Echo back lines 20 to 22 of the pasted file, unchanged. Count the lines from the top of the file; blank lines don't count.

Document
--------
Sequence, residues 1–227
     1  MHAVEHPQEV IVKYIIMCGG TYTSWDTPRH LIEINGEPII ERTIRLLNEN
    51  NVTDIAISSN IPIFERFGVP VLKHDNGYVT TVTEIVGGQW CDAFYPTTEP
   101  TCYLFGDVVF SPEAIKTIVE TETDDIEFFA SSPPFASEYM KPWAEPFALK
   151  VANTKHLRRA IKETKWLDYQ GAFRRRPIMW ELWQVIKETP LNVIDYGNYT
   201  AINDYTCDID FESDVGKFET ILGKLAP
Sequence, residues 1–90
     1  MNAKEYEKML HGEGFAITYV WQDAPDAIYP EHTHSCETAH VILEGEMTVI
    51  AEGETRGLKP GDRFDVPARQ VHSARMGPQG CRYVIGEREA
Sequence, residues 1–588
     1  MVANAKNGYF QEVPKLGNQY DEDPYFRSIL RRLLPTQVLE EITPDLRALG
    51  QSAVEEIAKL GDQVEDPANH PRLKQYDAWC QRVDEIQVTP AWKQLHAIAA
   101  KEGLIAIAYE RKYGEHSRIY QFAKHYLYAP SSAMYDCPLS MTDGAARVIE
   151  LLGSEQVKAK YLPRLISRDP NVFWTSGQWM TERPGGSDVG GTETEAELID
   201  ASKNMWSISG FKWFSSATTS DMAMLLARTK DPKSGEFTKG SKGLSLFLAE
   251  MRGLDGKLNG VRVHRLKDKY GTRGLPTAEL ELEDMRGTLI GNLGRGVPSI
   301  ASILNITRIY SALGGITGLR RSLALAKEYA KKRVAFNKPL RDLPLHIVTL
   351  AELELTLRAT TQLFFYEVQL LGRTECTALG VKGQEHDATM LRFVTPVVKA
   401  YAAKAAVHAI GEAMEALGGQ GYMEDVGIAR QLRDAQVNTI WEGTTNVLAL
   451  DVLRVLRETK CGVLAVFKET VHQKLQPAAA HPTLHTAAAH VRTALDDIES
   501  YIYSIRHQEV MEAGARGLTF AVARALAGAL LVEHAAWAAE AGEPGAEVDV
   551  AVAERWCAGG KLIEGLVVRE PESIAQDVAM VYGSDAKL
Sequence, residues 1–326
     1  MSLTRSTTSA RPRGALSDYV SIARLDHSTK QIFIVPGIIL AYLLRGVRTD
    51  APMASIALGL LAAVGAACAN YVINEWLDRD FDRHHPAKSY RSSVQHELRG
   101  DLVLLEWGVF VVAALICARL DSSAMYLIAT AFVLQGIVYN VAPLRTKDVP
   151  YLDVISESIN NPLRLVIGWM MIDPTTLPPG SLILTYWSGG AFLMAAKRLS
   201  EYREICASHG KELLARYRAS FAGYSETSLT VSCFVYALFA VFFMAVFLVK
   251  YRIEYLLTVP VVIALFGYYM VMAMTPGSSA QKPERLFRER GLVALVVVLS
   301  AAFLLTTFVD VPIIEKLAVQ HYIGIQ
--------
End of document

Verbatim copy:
   451  DVLRVLRETK CGVLAVFKET VHQKLQPAAA HPTLHTAAAH VRTALDDIES
   501  YIYSIRHQEV MEAGARGLTF AVARALAGAL LVEHAAWAAE AGEPGAEVDV
   551  AVAERWCAGG KLIEGLVVRE PESIAQDVAM VYGSDAKL